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Reaping the results

July 2004 | by Jonathan Skinner

A school in Bath is facing conflict over the proposal of the governing body to introduce a policy of enabling the ‘morning-after’ abortion pill to be given to children without parental consent. The reaction of some parents was so strong that the final decision was stalled.

The prescribing of such a drug to children under the age of 16 has obviously been linked by many to the storm that blew up in May in Nottinghamshire concerning the girl who was sent by her school to have an abortion – without her parents’ knowledge or permission.

This girl, aged 14, was sent to hospital for an abortion on the advice of a health visitor at her school. The mother only learned of her daughter’s condition through a chance encounter with one of the girl’s friends.

Just a kid

Following a conversation with her mother, the girl changed her mind about having an abortion, but was forced to continue with the treatment after being told that the foetus had suffered irreparable damage from pills given at a local hospital to induce the termination.

The girl’s mother expressed outrage at the decision of the school and medical staff not to inform her of her daughter’s condition. She said, ‘I had no idea that this sort of thing could happen without my knowing. I feel like my right as a parent has been taken away, like I’ve had my heart ripped out. She’s just a kid’.

The decision by the school and medical authorities not to inform the girl’s family was criticised by Norman Wells, director of Family and Youth Concern, as ‘grossly irresponsible’.

‘It is a parent’s responsibility to ensure that a child is educated, and schools seem to have lost sight of the fact that they are serving the parents’, he said.

‘It is undermining the parents who have the primary responsibility for the care and protection of their children, and it is the parents who are going to pick up the pieces if things go wrong and cope with the emotional trauma.’

Legal responsibility

Teachers at the school referred the girl to an outreach service run through the National Teenage Pregnancy Strategy – it was the health worker of this set-up that declined to inform her mother.

The BMA said that the doctors who performed the abortion were acting within the law, provided the teenager was ‘competent’ to give her consent. Their spokesman said, ‘Any competent young person can give consent to any medical intervention. It is for the doctor to judge whether a patient is competent to give consent’.

Both the Bath situation and the Nottingham case raise serious concerns. Most notably, the question arises as to who has legal responsibility for the child?

Whether it is promoting the morning-after pill, or pushing for an abortion, where does authority to protect the child lie? Surely, except in cases of parental abuse, the rights are with the parent.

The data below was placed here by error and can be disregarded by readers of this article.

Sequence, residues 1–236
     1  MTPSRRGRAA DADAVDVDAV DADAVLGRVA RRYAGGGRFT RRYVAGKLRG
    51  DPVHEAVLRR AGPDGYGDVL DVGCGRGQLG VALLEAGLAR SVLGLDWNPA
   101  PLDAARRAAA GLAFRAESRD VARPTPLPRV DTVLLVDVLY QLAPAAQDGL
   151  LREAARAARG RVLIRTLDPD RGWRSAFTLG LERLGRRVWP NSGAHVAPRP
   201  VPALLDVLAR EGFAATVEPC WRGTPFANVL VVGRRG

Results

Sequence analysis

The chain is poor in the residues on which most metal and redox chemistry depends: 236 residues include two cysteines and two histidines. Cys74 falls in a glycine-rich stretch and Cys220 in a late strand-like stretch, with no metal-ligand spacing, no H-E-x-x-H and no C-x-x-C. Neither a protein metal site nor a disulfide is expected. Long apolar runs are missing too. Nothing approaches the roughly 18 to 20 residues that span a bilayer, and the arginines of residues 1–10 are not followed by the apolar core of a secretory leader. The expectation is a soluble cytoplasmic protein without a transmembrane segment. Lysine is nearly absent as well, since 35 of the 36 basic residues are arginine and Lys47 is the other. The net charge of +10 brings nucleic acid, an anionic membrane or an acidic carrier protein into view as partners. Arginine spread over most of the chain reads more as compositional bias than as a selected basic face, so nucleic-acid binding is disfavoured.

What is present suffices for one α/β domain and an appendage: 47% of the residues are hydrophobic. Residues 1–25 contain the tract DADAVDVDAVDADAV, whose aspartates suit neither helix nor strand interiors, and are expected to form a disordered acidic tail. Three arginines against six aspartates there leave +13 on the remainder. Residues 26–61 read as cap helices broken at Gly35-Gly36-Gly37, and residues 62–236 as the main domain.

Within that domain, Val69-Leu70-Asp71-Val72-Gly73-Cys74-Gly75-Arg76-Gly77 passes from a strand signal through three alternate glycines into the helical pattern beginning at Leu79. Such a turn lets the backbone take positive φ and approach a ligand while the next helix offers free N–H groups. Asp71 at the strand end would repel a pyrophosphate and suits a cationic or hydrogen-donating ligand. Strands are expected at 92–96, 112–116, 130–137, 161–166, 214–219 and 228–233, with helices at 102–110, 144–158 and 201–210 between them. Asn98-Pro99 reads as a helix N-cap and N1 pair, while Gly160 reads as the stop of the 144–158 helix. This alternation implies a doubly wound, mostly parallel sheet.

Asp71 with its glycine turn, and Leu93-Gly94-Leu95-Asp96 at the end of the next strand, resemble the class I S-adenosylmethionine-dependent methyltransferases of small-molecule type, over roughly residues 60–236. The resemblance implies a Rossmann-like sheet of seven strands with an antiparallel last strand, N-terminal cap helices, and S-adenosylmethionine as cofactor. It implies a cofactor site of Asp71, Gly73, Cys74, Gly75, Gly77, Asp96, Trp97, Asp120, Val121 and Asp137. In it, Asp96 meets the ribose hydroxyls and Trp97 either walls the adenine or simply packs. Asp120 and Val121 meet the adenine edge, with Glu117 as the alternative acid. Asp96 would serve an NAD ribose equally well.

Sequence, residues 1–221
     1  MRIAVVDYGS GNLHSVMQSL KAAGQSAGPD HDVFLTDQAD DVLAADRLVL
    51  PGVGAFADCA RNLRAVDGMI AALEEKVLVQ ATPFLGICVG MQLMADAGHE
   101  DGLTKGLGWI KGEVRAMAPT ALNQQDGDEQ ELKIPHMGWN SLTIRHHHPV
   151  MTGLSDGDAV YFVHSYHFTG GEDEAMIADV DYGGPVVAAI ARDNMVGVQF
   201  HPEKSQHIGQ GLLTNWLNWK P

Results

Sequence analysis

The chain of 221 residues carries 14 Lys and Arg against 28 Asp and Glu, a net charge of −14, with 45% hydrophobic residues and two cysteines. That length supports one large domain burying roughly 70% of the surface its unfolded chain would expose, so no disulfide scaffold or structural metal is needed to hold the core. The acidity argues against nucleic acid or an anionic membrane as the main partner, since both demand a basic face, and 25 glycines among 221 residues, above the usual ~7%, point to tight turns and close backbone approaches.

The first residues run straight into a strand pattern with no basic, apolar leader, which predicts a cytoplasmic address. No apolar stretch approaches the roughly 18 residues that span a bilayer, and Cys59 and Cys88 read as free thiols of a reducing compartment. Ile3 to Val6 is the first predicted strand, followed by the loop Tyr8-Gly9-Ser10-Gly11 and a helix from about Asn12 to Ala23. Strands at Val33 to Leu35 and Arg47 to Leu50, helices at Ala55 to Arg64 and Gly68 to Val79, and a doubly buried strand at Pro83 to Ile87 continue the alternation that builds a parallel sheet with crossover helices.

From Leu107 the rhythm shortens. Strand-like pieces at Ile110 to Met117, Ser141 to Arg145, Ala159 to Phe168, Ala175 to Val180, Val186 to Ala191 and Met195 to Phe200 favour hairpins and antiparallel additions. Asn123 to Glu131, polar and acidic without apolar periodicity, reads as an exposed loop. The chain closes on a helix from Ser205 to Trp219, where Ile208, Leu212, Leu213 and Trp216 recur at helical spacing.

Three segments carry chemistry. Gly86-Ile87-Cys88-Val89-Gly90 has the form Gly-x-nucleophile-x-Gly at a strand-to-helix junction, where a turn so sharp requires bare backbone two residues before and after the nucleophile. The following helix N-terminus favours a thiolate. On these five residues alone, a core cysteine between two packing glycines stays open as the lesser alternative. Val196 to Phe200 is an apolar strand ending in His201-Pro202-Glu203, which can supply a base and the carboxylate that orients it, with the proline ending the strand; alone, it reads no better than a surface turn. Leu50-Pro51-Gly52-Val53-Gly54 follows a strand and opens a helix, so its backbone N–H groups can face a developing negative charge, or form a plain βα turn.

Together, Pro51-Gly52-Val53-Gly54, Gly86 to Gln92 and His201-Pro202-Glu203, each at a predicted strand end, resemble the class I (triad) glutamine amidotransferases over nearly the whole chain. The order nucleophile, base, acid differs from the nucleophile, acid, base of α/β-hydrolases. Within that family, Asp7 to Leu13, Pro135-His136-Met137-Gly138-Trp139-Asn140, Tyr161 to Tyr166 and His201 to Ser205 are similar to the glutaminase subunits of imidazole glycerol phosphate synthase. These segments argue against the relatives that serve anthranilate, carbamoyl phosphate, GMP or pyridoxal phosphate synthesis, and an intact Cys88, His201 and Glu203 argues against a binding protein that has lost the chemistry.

School trip

After all, parents can now be punished if their children break the law. The family solicitor of the girl in Nottinghamshire said, ‘A woman has been sent to prison for her child’s truancy. The Government is [putting] responsibilities for anti-social behaviour on parents. But at the same time, what we have here is a situation where legally it is quite possible for a child to understand and consent to an abortion’.

If a child goes on a school trip to Weston-Super-Mare, it needs a parent or guardian to sign a consent form. Why then is it that a school can, in effect, have surgery performed and drugs administered without parental permission?

My daughter cannot even have an asthma inhaler or a paracetamol tablet without my consent – yet she can be given life-threatening ‘treatments’ without my even being aware of it.

If something goes wrong, who is to blame? Suppose a girl died from bleeding or an infection following an abortion. Or reacted violently to the morning-after pill – who would be legally responsible?

Who would be accountable if a girl became infertile through the effects of an abortion, or suffered psychologically for years feeling she had killed her first child?


The other thing here, particularly with the administration of contraceptives to those under the age of consent, is that government policy is self-contradictory. The law says it is illegal to have sex under the age of sixteen. Yet schools implicitly condone such law-breaking by giving out ‘C-cards’ so that pupils can pick up condoms from the local chemist.

They are also willing to make morning-after pills available. So, if a fourteen-year-old has sex, one government agency (the education service) will hand out the necessary means to negate conception, while another (the police) could arrest the participants.

Schools are sending out signals – indeed, taking active measures – that produce contempt for the law of the land. The consequences could be dire in the years ahead.


And then there is the health issue. Sexually transmitted diseases are increasing alarmingly among teenagers – AIDS in particular is a frightening reality. Yet the implicit advice to these vulnerable youngsters is, ‘go ahead, have sex, enjoy yourselves – and we’ll fix the consequences for you afterwards’.

It is depressing that few people today have any worries about government policy, threatened parental rights, or sexual ethics. But surely they should be concerned about the availability of a contraceptive method that will encourage promiscuity and thus make infection more likely.

Our society has all but abandoned any standard of sexual morality – and we are reaping the results. The authorities are confused, the policies are confusing, and our children are at risk.

If ever we needed a return to biblical norms of behaviour it is now. Let our churches at least make this clear.

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